Esperanza Diamond, Most Valuable Ever Found In U.S., May Be Renamed

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The Museum of Named Diamonds announced today it was working closely with the owners of the Esperanza diamond to help ensure a successful auction of the piece on March 21, 2017, in Boston. A change of name may be part of that process.

Anyone who owns a diamond may now register it with the Museum, and preserve and showcase it's story with the famous diamonds of the world

The Esperanza Diamond is set in a platinum mounting, accenting the teardrop shape.

When a famous diamond like the Esperanza changes possession, it's not unusual for it to be renamed by the new owner.

The Museum of Named Diamonds announced today it was working closely with the owners of the Esperanza Diamond to help ensure a successful auction of the piece on March 21, 2017, in Boston.

“When a famous diamond like the Esperanza changes possession, it’s not unusual for it to be renamed by its new owner,” explained Jacques Voorhees, Vice-Chairman of the Museum of Named Diamonds. “For example, the Regent Diamond, named after Phillip II, Regent of France, was originally named the Pitt Diamond, for its first owner, Thomas Pitt, Governor of India, whose grandson William Pitt became the Prime Minister of Great Britain, and for whom the city of Pittsburgh is named. The city kept the name Pitt, but the diamond of the same name became the Regent.

“When the new owner takes possession of the gem, if a change of name is requested, the Museum will record the new name in its Registry, along with any other information the owner is willing to share.”

The Esperanza diamond is thought to be the most valuable, and one of the most perfect, diamonds ever discovered in the United States. It is the fifth largest diamond ever produced at the Crater of Diamonds State Park in Arkansas, where it was found on June 24, 2015, by a private party.

The diamond was cut by Mike Botha of Embee Diamonds, at Stanley Jewelers Gemologist in Little Rock, Arkansas. It required 130 hours to cut and polish the Esperanza, and an 800 pound cutting table was used in the process. The original 8.52 carat rough yielded a finished piece of D color (the highest) and an Internally Flawless clarity grade. Mounted in a platinum pendant, the diamond was polished into a 147-facet, teardrop-style triolette shape that is the first of its kind, and was inspired by the unusual icicle shape of the rough diamond itself.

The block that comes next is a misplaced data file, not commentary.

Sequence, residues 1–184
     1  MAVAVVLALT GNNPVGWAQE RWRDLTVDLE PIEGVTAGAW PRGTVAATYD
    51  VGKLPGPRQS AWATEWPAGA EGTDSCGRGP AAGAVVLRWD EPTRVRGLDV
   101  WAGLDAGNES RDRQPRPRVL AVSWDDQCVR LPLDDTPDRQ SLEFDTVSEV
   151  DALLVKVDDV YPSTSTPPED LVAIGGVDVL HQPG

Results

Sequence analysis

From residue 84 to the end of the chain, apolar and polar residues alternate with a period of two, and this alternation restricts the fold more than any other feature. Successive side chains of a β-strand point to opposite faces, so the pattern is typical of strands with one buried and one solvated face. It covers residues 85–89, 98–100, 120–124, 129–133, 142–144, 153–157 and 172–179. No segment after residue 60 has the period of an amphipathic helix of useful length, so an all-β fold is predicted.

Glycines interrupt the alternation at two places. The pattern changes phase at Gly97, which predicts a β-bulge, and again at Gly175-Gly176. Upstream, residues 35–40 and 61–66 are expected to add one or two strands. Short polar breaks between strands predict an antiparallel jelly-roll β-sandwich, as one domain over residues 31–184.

“The unique shape proved a challenge,” Botha said. The pendent which holds the Esperanza was created by jeweler Ian Douglas of The Inspired Collection, and it highlights the fact that one end of the diamond is wider than the other.
The Esperanza diamond is being auctioned by Skinner Auctioneers & Appraisers, of Boston, MA.

MoND’s Registry of Named Diamonds is the official recording entity for the world’s famous diamonds. A recently-launched expansion of the Museum allows anyone who owns a diamond to register a name as well, and include the story of their own diamond in the Museum.
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About The Museum of Named Diamonds         http://www.museumofdiamonds.org
The Museum of Named Diamonds was founded in 2015, to serve as a single Registry for the world's named diamonds. Official designation of this role was granted by the World Diamond Mark Foundation, a unit of the World Federation of Diamond Bourses, in June, 2015. The Museum lists the famous diamonds of the world, but also includes a wing for “personal diamonds,” and their stories. Accordingly, every consumer can now officially name their diamond, register its name, and have the diamond--and its story--showcased forever, alongside the world's other famous gems. Example: https://museumofdiamonds.org/products/harlech
URL for Esperanza at Auction House: http://tinyurl.com/jcv8ajc
URL for Esperanza in Museum of Named Diamonds, with video of diamond being cut: https://museumofdiamonds.org/products/esperanza-diamond

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Jacques Voorhees, Vice-Chairman

Neil Beaty
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